Use a clearly worded credit agreement

  • The credit agreement will set out terms such as:
    • The legal name of the customer;
    • The amount of credit being advanced;
    • The amount of time the customer has to pay; and
    • The maximum amount of time to report quality or quantity issues.
  • Make sure the credit agreement clearly says that you have the right to cancel credit at any time and for any reason whatsoever. If the customer’s financial situation changes you don’t want to be forced to continue supplying on credit. 
  • If you are getting a guaranty or a security interest make sure these are in writing and signed. The security agreement has to be signed by the customer. The guarantee has to be signed by the person giving the guarantee. 

Get regular updates

  • Your initial decision to give credit will be based on all of the information above — but circumstances can change. Your client should regularly update all of this information so that you can reassess whether you should advance credit. You want to make sure you catch the customer’s problems before they become your problems

Advancing credit to customers is a regular part of business.  With these tips you can make sure you make the right credit decision.  If you provide credit and want to make sure you are protected contact Wojtek Jaskiewicz at or visit

Does your corporation’s bankruptcy affect your personal credit?

The short answer is no; your corporation’s bankruptcy does not affect your personal credit. 

Your corporation is a separate legal entity.  It has its own debts, its own contracts, and its own credit.  Your corporation’s bankruptcy does not affect your personal credit and the fact that a corporation that you were a shareholder, director, or officer of made an assignment will not show on your personal credit report.

But the longer answer is more nuanced. 

There are corporate debts that can become your responsibility and, if those debts are not paid, then your personal credit can be affected.  Two common examples of this are personal guarantees and directors’ liabilities for unremitted source deductions and H.S.T. 

The Income Tax Act requires a corporation that has employees to withhold the income tax that the employee owes and to remit it to the government.  Similarly the Excise Tax Act usually requires a corporation that sells goods or services to collect Excise Tax (H.S.T.) and to remit it to the government.  If a corporation that you are a director of withholds income taxes or collects H.S.T. and fails to remit these amounts then you may be personally liable for the payments.  

Similarly if you personally guarantee your corporation’s obligations, such as the payments under a lease or the corporation’s loans, and the corporation fails to pay these amounts, then you will be personally responsible for the payments.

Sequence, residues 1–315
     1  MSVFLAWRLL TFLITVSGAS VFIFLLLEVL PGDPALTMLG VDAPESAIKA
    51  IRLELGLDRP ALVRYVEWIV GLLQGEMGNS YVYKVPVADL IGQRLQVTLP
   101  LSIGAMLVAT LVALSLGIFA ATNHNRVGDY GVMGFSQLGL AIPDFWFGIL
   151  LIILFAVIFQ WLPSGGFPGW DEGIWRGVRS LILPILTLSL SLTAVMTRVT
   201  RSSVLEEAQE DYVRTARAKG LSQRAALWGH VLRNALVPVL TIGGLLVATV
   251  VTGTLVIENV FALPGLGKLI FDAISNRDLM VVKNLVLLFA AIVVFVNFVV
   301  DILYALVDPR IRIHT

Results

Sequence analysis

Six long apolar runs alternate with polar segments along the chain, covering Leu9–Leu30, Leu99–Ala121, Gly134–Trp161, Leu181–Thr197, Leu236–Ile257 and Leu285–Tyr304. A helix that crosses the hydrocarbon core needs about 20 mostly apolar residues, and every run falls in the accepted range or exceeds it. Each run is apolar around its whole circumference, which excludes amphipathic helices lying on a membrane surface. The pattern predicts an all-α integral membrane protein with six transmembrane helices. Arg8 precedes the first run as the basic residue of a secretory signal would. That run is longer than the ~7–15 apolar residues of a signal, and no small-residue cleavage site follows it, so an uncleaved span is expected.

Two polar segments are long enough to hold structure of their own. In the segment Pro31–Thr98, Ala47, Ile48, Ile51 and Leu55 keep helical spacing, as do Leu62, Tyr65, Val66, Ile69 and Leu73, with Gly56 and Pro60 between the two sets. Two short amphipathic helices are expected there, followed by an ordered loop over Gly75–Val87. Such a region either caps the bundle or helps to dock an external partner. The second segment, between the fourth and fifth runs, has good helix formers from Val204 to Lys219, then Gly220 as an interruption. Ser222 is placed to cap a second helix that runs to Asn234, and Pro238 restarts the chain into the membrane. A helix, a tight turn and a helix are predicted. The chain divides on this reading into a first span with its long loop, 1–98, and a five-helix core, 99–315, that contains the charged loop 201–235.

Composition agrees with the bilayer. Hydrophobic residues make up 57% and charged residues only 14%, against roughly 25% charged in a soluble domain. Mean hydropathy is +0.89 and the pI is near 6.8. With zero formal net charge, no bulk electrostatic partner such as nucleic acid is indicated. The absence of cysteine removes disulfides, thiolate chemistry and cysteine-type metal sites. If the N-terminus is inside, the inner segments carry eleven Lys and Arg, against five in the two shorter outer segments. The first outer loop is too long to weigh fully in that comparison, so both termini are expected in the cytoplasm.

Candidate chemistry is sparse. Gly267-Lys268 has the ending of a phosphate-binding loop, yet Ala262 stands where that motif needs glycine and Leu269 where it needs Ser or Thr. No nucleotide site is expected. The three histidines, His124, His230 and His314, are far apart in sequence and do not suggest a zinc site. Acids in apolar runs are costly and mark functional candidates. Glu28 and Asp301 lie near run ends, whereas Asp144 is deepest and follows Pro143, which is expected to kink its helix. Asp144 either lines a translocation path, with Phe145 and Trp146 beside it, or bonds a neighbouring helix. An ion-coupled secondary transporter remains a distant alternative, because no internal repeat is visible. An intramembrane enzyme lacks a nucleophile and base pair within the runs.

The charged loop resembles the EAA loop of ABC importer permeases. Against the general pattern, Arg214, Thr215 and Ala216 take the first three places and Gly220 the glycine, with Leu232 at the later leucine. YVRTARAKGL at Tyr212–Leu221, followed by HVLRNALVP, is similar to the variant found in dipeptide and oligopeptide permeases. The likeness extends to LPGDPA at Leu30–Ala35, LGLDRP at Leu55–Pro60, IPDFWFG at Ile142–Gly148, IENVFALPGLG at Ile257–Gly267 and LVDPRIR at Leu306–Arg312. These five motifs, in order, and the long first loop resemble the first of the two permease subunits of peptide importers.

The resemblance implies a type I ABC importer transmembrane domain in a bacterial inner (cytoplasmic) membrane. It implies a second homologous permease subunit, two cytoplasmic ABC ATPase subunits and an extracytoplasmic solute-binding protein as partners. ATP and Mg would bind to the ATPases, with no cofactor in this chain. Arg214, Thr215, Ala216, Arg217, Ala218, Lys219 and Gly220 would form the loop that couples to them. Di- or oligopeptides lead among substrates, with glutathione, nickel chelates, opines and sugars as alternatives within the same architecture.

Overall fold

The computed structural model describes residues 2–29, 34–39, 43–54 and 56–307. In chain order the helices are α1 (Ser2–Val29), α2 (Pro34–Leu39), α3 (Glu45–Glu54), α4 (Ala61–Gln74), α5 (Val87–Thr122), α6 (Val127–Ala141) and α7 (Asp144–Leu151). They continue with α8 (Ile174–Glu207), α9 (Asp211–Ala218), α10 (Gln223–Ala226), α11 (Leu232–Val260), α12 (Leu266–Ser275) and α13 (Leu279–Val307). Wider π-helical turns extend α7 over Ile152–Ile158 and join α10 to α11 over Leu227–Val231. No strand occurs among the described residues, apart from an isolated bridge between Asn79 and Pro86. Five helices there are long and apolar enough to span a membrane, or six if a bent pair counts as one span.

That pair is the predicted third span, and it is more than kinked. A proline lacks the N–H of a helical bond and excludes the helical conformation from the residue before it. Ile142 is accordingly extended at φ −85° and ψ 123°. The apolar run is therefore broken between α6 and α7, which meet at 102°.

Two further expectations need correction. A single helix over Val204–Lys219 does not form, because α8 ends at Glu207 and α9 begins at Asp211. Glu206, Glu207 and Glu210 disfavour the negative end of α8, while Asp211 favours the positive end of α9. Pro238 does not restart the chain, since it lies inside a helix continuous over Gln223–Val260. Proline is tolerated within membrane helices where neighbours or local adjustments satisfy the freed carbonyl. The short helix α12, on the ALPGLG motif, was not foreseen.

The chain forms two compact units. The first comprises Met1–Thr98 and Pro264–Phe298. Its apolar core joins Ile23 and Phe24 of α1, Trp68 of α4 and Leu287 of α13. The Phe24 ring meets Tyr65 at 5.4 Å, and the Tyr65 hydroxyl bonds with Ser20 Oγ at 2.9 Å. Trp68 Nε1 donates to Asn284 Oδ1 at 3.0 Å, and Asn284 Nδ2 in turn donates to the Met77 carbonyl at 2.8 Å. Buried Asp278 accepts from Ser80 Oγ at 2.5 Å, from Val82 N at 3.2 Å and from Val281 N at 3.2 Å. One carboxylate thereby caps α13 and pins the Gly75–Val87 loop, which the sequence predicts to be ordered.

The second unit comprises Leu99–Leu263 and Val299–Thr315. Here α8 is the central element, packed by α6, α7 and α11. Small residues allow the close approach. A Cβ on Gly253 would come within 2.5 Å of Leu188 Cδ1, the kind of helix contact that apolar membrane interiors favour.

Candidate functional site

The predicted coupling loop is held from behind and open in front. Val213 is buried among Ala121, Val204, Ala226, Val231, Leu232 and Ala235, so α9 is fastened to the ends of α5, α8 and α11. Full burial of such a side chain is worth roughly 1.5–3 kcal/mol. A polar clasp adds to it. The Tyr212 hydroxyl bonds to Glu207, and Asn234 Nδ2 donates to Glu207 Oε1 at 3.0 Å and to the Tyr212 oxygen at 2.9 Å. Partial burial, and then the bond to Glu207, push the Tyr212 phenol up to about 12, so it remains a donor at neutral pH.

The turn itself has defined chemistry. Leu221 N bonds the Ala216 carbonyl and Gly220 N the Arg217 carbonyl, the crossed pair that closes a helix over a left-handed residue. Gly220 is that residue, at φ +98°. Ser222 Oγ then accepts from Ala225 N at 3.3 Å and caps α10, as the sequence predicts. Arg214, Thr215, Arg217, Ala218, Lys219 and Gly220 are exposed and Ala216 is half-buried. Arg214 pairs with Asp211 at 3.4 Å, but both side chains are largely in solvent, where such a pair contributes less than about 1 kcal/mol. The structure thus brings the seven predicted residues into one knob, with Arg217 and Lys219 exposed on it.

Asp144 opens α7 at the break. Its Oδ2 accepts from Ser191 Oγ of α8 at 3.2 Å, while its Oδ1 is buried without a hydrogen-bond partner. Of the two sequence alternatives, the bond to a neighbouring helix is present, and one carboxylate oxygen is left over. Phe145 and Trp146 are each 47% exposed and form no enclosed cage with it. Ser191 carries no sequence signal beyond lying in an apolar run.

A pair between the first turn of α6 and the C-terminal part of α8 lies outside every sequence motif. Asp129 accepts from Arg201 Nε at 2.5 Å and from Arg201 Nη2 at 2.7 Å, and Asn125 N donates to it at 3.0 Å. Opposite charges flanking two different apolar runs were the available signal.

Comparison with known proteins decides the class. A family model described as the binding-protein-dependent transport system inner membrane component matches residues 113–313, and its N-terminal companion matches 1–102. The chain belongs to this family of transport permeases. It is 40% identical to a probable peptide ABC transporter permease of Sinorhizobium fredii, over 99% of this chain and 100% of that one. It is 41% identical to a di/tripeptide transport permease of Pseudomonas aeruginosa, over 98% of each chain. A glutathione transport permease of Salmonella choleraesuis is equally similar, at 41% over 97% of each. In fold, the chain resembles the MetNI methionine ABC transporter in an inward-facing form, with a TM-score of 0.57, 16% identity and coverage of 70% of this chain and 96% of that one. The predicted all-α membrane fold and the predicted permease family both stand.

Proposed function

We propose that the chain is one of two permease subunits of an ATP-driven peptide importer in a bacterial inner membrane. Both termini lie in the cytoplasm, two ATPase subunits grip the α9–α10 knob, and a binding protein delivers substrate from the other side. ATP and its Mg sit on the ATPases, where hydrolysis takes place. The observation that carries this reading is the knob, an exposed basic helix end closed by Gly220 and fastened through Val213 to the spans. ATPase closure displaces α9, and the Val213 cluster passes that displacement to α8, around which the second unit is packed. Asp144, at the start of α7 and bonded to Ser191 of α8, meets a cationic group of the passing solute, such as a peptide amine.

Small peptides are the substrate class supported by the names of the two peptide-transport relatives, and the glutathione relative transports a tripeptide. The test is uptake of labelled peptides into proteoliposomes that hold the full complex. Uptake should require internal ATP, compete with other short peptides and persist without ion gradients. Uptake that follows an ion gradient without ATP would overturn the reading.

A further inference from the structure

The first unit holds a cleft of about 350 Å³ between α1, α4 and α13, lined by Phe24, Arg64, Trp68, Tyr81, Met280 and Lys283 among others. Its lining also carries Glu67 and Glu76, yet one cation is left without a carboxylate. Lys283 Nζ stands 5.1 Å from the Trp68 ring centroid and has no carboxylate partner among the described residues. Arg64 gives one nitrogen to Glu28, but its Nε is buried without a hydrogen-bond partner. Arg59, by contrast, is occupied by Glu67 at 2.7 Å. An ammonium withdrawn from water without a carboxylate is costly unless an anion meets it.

In both of these cases if the corporation makes an assignment in bankruptcy then there will not be enough money to pay the debts which means you will become personally responsible.  If you are unable to pay the debt then this will have an effect on your credit.

In these specific circumstances the bankruptcy of your corporation can have an effect on your personal credit but the general rule is that your corporation’s bankruptcy will not affect your credit. 

If you have any questions about your corporation’s bankruptcy, restructuring, or any other financial issues contact Wojtek Jaskiewicz at or visit

Can a receiver partially disclaim a lease?

One of the tools available to a receiver is the power to affirm or disclaim contracts.  Paragraph 3 of the commercial list users committee model receivership order sets out the powers generally given to a receiver appointed pursuant to section 243(1) of the Bankruptcy and Insolvency Act and section 101 of the Courts of Justice Act.  Subparagraph 3(c) includes the power to cease to perform any contracts of the Debtor. 

The power given to a receiver pursuant to subparagraph 3(c) of the model order includes the power to affirm or disclaim an equipment lease or a master lease for various pieces of equipment.  The receiver can affirm the lease, continue making lease payments and continue using the equipment or the receiver can disclaim the lease, return the equipment and stop making the lease payments.

But what happens if the receiver needs some, but not all, of the equipment leased pursuant to a master lease?  Can a receiver disclaim part of the lease?  And if the receiver does this, how are the lease payments calculated?

This issue was recently considered by the Honourable Justice Duncan in Yukon (Government of) v. Yukon Zinc Corporation, 2020 YKSC 16 (“Yukon”).